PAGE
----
We also assessed the relationship between IPV during pregnancy and recent pregnancy outcomes. Experiencing emotional (but not physical or sexual) IPV during pregnancy (aOR 1.76) was associated with a LBW baby. Emotional IPV was also associated with any negative outcome from the recent pregnancy.

Discussion

This study confirms the association between intimate partner violence (sexual, emotional, sexual) and FFS and negative maternal and newborn health effects. To the best of our knowledge this is the first study on the relationship between IPV and maternal health outcomes in Zimbabwe. Previous studies have found associations between IPV and maternal health factors such as low birth weight, unintended pregnancy, preterm birth, still birth, abortion, miscarriage [2835]. However, most of the studies were conducted outside the African continent with some studies having sample sizes lower than 500 participants. Our study included a wide range of pregnancy and newborn outcomes that span previous pregnancies and the most recent pregnancy. A further strength of the study was the inclusion of a wide range of violent experiences and indeed we found that women experienced high rates of FFS, IPV in their lifetime, last 12 months before pregnancy and during pregnancy.

Our study adds to the literature on the association between lifetime IPV and lifetime maternal health effects such as miscarriage or stillbirth. It goes further to highlight the relationship between different forms of IPV and FFS and both maternal and newborn outcomes. It also makes a unique contribution by assessing the types of pregnancy outcomes on the part of the mother as well as on the part of the newborn, firstly as single forms and later as combined forms of outcomes in relation to the single and combined forms of IPV and FFS. Such an assessment in one study helps to give a full picture of the relationship of IPV, FFS and pregnancy outcomes across one’s lifetime. The study illustrates the types of violence that affect certain health outcomes – individually and when combined.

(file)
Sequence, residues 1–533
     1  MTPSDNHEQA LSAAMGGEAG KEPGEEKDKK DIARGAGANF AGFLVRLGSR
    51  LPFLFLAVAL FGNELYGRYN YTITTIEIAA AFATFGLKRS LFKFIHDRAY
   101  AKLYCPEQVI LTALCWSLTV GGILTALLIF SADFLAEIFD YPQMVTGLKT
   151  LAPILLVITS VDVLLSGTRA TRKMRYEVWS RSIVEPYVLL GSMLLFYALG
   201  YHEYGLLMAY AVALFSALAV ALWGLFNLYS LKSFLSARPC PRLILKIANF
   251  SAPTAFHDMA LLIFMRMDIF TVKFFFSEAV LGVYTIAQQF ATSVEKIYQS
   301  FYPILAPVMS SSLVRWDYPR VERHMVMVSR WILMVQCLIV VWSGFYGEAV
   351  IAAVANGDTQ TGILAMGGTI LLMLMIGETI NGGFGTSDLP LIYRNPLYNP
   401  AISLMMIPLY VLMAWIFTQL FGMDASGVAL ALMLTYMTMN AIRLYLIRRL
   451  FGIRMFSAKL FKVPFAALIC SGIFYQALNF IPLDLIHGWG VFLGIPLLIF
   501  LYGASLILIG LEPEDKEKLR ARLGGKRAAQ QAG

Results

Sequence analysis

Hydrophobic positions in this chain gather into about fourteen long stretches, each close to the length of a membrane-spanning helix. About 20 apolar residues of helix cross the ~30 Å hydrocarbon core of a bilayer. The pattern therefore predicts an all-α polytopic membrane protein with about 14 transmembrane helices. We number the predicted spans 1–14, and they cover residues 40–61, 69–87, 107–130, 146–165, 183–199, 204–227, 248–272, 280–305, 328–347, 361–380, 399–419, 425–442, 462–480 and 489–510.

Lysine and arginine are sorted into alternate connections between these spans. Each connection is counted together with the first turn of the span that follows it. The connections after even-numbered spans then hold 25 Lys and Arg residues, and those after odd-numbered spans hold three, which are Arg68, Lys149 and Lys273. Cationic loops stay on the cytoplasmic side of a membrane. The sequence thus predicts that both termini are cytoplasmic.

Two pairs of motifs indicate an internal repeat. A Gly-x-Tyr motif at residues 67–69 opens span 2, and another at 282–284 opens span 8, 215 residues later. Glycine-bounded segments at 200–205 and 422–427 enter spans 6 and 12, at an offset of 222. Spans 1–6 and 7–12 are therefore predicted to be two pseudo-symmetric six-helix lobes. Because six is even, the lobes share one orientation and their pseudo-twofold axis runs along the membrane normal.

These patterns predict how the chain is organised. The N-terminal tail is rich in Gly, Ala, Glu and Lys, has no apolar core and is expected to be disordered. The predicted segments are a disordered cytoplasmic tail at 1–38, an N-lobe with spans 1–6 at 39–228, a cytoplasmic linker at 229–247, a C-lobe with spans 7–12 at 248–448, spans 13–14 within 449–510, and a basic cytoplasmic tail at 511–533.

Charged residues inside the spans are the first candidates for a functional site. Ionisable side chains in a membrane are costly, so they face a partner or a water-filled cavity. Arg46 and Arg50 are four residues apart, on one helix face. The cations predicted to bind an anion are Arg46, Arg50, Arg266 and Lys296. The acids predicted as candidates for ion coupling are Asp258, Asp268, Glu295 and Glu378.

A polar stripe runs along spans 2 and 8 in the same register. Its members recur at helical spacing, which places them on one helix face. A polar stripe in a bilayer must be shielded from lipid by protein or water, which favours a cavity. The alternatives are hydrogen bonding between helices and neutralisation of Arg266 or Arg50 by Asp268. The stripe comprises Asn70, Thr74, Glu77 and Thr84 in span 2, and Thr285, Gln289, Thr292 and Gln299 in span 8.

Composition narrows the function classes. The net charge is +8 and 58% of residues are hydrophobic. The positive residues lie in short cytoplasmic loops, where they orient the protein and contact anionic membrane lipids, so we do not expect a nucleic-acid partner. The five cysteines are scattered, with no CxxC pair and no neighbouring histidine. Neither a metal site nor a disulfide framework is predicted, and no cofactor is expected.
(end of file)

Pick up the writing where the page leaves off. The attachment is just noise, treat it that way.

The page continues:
Maternal and newborn health outcomes were poor in this population but consistent with previous trends. The mean birth weight (3036 g) was consistent with national estimates (3027 g) as reported in a population based study conducted in Zimbabwe [36]. While we found 8.6% LBW babies the ZDHS reported 14% children with low birth weight for Harare City, the city in which our study was conducted [37]. This may be due to our sample having a large proportion of women consulting skilled health workers in antenatal care compared to population based studies which include larger proportions of women not attending antenatal care clinics. Although the ZDHS was a population based study with the ability to capture a representative sample, the birth weight measure was subjective as it relied on a mother’s memory of weight for birth that took place up to the last 5 years before the interview which may have introduced more recall bias than our measure that relied on the birth weight as recorded in the mother’s card and clinic records for the recent births.